Facebook plans to integrate its messaging services on Instagram, WhatsApp and Facebook Messengers, The New York Times reported on Friday.

Four unidentified people involved in the effort to integrate the services said the three services will continue to operate as stand-alone apps, but the underlying messaging infrastructure of the three apps will be unified. “Facebook is still in the early stages of the work and plans to complete it by the end of this year or in early 2020,” they said.

Facebook told BBC that it was at the start of a “long process”. The merger could mean that, for example, a user on Facebook could send a message to someone who only has a WhatsApp account.

Facebook founder and Chief Executive Officer Mark Zuckerberg has directed that all the messaging apps should have WhatsApp’s end-to-end encryption incorporated.

Facebook, in a statement to the US newspaper, said it wanted to “build the best messaging experiences we can; and people want messaging to be fast, simple, reliable and private.” It said the company was working on making more of its messaging services “end-to-end encrypted and considering ways to make it easier to reach friends and family across networks.”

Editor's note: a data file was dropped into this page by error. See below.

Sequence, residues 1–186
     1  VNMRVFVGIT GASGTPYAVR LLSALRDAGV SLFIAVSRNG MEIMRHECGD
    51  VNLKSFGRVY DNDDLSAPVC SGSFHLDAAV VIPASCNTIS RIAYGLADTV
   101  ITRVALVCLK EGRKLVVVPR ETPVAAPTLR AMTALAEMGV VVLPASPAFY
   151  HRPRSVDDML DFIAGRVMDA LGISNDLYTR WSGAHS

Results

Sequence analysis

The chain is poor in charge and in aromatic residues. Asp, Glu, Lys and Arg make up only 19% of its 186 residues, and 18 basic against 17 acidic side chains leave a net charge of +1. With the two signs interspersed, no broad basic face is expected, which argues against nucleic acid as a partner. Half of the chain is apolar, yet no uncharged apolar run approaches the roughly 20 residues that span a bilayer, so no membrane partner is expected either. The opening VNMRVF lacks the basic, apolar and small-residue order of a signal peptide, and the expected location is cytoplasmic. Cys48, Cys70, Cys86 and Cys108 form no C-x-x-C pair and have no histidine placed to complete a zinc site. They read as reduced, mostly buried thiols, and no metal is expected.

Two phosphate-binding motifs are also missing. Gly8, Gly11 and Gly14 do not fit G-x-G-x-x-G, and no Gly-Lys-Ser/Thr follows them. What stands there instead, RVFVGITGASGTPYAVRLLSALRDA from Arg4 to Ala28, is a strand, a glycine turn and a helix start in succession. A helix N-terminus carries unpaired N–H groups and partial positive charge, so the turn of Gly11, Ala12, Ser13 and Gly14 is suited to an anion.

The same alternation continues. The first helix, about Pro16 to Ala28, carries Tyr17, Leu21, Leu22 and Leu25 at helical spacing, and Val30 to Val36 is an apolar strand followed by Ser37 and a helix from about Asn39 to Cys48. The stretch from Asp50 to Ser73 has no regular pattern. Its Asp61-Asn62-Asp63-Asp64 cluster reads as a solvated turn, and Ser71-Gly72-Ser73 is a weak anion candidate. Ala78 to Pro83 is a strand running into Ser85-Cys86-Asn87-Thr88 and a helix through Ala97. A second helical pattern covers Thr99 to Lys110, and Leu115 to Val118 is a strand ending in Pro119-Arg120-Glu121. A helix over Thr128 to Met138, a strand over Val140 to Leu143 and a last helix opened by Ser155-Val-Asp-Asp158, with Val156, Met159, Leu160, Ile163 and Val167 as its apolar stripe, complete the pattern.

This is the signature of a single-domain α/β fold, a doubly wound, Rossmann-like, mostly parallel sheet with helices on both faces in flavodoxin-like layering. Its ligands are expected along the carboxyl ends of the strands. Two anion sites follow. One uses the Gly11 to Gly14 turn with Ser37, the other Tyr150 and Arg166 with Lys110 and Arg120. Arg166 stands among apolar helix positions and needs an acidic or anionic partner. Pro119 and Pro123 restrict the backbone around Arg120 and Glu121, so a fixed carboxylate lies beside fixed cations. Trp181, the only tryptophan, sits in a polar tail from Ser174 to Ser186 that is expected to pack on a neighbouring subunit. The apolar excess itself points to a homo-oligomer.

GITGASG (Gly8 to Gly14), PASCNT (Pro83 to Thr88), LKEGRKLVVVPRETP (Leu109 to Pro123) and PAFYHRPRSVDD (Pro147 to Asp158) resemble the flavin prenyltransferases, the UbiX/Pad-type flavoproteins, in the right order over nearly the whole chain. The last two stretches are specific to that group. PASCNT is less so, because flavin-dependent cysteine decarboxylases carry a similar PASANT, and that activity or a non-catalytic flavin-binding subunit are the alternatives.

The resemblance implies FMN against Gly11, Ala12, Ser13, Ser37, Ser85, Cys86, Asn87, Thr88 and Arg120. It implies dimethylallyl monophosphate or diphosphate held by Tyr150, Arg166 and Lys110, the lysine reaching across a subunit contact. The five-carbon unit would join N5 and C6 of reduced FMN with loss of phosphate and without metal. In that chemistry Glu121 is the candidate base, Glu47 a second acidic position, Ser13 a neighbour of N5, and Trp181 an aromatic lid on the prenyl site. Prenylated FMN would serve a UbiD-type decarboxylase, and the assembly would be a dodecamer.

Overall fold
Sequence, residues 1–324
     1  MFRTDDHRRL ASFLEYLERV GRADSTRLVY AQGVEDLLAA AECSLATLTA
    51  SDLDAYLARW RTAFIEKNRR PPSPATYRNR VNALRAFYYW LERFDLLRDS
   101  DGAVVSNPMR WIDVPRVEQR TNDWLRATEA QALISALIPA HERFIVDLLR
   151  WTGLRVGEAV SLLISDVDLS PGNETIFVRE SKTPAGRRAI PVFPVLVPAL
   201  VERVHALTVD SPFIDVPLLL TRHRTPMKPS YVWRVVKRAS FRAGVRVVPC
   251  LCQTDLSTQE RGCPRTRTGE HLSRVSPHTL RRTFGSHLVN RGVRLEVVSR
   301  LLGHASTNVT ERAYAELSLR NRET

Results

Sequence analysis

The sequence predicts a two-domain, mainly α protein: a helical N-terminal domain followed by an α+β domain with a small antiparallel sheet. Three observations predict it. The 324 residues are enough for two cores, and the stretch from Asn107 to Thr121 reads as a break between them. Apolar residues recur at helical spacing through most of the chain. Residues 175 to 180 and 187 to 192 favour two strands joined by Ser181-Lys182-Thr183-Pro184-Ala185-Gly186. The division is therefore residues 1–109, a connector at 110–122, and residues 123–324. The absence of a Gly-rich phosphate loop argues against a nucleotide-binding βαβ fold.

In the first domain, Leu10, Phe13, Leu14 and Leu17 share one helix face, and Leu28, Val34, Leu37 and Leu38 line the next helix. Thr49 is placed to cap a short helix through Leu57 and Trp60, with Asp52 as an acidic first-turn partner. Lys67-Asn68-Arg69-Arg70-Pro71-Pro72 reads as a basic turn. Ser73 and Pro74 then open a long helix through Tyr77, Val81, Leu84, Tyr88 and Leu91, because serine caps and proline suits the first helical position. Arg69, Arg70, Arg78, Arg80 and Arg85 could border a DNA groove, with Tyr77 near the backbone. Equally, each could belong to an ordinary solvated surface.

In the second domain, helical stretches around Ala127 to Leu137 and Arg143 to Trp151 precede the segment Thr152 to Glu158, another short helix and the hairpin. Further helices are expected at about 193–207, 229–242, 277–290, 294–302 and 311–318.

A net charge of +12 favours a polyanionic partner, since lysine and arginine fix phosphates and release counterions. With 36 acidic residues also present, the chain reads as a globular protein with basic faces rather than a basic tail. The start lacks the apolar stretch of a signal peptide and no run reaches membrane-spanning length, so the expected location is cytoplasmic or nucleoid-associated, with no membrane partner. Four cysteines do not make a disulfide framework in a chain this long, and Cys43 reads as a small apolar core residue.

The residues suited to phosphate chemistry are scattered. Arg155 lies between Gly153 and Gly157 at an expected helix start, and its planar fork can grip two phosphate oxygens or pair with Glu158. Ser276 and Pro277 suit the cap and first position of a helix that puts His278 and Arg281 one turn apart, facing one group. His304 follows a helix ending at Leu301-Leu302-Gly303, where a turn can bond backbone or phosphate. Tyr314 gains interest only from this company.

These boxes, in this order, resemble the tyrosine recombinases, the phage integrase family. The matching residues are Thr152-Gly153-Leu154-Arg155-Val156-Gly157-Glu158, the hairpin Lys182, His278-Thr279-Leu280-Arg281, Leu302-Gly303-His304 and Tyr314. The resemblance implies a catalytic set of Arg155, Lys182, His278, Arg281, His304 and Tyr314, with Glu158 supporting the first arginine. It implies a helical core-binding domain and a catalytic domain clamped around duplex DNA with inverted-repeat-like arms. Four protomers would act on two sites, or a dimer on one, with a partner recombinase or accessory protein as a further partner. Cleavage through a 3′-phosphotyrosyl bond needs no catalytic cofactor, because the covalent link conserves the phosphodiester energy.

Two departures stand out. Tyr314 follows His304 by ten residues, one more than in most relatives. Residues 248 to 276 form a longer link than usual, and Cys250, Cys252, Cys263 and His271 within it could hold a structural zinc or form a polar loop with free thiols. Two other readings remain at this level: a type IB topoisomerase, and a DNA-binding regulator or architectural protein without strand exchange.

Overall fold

Bringing together the three services is in contrast to Zuckerberg’s previous approach to WhatsApp and Instagram. When Facebook had acquired the two companies, they were promised autonomy from its parent company.

One person involved in integrating the services told The New York Times that Zuckerberg now believed that integration will benefit Facebook’s entire “family of apps” over the long term.

According to the report, the effort to bring the three services together had caused “internal strife”. Instagram founders Kevin Systrom and Mike Krieger resigned in September, while WhatsApp’s founders Jan Koum and Brian Acton, had left the company in May and November 2017 because of clashes over data privacy concerns.